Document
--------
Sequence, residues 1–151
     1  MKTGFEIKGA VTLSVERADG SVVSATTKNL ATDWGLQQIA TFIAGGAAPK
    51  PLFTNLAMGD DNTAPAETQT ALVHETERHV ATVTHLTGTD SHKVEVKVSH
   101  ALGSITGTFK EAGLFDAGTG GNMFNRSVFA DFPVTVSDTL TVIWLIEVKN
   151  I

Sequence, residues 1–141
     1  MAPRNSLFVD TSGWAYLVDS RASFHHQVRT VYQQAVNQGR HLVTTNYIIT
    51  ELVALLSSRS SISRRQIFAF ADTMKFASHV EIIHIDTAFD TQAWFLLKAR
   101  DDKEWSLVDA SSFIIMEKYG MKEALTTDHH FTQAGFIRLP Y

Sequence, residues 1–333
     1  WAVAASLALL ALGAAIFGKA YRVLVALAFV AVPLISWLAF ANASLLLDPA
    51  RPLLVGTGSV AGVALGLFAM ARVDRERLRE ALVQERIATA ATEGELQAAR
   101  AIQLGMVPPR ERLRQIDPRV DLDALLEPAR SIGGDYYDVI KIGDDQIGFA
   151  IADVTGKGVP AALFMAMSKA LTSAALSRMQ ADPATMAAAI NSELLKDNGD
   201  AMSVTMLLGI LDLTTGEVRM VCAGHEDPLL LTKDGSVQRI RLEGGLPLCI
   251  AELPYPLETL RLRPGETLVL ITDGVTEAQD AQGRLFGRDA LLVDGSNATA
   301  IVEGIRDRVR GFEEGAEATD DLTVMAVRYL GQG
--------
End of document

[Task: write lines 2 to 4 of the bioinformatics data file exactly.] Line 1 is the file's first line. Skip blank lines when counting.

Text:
     1  MKTGFEIKGA VTLSVERADG SVVSATTKNL ATDWGLQQIA TFIAGGAAPK
    51  PLFTNLAMGD DNTAPAETQT ALVHETERHV ATVTHLTGTD SHKVEVKVSH
   101  ALGSITGTFK EAGLFDAGTG GNMFNRSVFA DFPVTVSDTL TVIWLIEVKN